Guglielmo Marconi was an Italian physicist and inventor of a successful wireless telegraph. He later worked on the development of shortwave wireless communication, which constitutes the basis of nearly all modern long-distance radio. 

Guglielmo Marconi Early Life

Marconi was born into the Italian nobility as Guglielmo Giovanni Maria Marconi in Bologna on 25 April 1874.

He is the second son of Giuseppe Marconi, an Italian country gentleman, and Annie Jameson, daughter of Andrew Jameson of Daphne Castle in the County Wexford, Ireland. 

Marconi did not attend school as a child and did not go on to formal higher education. Instead, he learned chemistry, math, and physics at home from a series of private tutors hired by his parents.

He was educated privately at Bologna, Florence and Leghorn. Even as a boy, he took a keen interest in physical and electrical science and studied the works of Maxwell, Hertz, Righi, Lodge and others.

From youth, Marconi was interested in science and electricity. Later in the early 1890s, he began working on the idea of “wireless telegraphy”—i.e., the transmission of telegraph messages without connecting wires as used by the electric telegraph.

Guglielmo Marconi Radio Wave Experiment

In 1895, he began laboratory experiments at his father’s country estate at Pontecchio where he succeeded in sending wireless signals over a distance of one and a half mile.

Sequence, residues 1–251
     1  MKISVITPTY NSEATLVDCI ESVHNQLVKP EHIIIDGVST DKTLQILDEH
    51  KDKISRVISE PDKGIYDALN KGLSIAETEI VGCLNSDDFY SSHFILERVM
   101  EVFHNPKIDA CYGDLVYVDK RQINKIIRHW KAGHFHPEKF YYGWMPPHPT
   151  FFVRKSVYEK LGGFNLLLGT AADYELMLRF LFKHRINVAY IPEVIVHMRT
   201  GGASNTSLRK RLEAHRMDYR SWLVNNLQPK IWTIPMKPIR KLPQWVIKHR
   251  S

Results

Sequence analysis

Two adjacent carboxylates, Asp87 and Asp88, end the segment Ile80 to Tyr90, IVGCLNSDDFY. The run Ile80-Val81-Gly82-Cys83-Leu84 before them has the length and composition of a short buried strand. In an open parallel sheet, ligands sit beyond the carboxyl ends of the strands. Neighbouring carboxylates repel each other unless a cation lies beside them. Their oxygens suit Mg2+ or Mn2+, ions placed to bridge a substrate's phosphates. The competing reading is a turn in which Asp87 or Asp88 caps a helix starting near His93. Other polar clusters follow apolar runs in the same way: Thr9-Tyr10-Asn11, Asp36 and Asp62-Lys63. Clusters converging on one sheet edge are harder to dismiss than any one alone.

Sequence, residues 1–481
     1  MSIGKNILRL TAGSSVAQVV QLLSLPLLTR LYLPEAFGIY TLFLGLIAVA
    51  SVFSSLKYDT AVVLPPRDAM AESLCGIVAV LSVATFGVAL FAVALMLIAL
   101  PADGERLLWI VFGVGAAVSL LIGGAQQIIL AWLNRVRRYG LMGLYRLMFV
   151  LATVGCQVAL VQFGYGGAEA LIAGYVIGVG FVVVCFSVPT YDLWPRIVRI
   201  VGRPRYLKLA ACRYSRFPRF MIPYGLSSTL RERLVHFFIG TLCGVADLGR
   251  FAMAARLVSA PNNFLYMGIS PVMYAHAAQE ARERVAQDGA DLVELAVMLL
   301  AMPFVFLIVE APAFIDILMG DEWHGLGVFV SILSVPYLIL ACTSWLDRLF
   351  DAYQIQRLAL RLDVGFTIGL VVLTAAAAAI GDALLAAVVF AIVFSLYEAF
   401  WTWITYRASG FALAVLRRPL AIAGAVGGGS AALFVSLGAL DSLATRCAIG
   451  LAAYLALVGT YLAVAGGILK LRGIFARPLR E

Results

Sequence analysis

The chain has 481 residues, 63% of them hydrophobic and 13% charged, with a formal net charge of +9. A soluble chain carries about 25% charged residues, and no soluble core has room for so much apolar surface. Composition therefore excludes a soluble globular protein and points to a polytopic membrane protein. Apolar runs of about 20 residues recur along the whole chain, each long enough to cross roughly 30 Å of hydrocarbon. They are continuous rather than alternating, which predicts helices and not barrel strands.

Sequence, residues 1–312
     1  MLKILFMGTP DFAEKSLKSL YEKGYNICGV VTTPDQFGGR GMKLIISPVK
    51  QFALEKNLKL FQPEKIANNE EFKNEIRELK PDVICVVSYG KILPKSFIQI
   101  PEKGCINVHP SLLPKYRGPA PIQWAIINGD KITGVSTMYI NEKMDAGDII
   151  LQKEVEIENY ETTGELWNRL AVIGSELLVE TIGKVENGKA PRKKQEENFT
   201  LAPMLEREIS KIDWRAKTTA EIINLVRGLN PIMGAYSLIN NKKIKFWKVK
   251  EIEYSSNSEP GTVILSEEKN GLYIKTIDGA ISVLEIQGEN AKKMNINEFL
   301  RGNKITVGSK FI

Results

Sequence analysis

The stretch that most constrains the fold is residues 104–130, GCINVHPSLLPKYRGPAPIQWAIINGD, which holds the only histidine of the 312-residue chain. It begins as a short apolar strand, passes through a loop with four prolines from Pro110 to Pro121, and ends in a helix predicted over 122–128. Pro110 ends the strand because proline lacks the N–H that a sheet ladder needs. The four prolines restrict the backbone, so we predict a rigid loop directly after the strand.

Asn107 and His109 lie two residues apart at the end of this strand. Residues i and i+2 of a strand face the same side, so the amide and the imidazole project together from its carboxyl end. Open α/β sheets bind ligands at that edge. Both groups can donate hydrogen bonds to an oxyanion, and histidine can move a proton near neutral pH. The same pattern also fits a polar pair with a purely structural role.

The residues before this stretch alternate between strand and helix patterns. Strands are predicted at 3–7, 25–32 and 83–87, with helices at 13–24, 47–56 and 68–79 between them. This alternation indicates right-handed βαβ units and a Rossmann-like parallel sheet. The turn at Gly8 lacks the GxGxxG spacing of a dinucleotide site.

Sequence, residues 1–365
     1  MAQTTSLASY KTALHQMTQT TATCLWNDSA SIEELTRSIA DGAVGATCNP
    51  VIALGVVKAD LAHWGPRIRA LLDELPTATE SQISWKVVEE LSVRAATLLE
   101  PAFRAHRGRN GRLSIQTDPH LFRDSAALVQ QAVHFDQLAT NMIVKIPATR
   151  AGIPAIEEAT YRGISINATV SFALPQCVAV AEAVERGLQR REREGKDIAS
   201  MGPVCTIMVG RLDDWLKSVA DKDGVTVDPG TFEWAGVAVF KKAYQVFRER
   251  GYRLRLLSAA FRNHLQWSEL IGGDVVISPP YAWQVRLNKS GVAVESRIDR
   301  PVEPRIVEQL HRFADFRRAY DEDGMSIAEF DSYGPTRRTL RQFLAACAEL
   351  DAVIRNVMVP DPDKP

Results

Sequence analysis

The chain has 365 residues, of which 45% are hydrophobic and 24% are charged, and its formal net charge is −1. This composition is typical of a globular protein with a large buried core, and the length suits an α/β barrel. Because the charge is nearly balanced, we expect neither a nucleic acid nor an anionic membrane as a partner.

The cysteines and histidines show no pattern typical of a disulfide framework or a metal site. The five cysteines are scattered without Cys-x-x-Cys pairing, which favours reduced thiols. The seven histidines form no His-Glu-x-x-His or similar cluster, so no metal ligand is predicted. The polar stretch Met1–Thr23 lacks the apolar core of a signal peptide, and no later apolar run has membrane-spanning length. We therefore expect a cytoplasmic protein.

Late one night, in December 1894, Marconi demonstrated a radio transmitter and receiver to his mother, a set-up that made a bell ring on the other side of the room by pushing a telegraphic button on a bench.

In 1896, Marconi took his apparatus to England where he was introduced to Mr. (later Sir) William Preece, Engineer-in-Chief of the post office. Later that year patent office granted him the world’s first patent for a system of wireless telegraphy. 

He demonstrated his system successfully in London, on Salisbury Plain and across the Bristol Channel, and in July 1897 formed Marconi’s Wireless Telegraph Company Limited. 

Guglielmo Marconi
                         Guglielmo Marconi

In the same year, he gave a demonstration to the Italian Government at Spezia. He sent wireless signals over a distance of twelve miles. 

In 1899, he established wireless communication between France and England across the English Channel. 

He erected permanent wireless stations at The Needles, Isle of Wight, at Bournemouth and later at the Haven Hotel, Poole, Dorset. 

In December 1901, determined to prove that wireless waves were not affected by the curvature of the Earth. 

Guglielmo Marconi Patent

He used his system for transmitting the first wireless signals across the Atlantic between Poldhu, Cornwall, and St. John’s, Newfoundland, a distance of 2100 miles. 

In 1902, during a voyage in the American liner, Philadelphia, he first demonstrated daylight effect relative to wireless communication. 

In the same year patented his magnetic detector which then became the standard wireless receiver for many years. 

Later in December 1902, he transmitted the first complete messages to Poldhu from stations at Glace Bay, Nova Scotia, and later Cape Cod, Massachusetts.